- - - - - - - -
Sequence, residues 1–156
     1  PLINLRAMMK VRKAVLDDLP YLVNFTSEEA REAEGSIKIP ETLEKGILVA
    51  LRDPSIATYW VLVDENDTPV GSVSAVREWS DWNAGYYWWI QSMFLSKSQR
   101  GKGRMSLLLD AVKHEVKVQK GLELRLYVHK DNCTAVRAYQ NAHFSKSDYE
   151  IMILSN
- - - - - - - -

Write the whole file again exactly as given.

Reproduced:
Sequence, residues 1–156
     1  PLINLRAMMK VRKAVLDDLP YLVNFTSEEA REAEGSIKIP ETLEKGILVA
    51  LRDPSIATYW VLVDENDTPV GSVSAVREWS DWNAGYYWWI QSMFLSKSQR
   101  GKGRMSLLLD AVKHEVKVQK GLELRLYVHK DNCTAVRAYQ NAHFSKSDYE
   151  IMILSN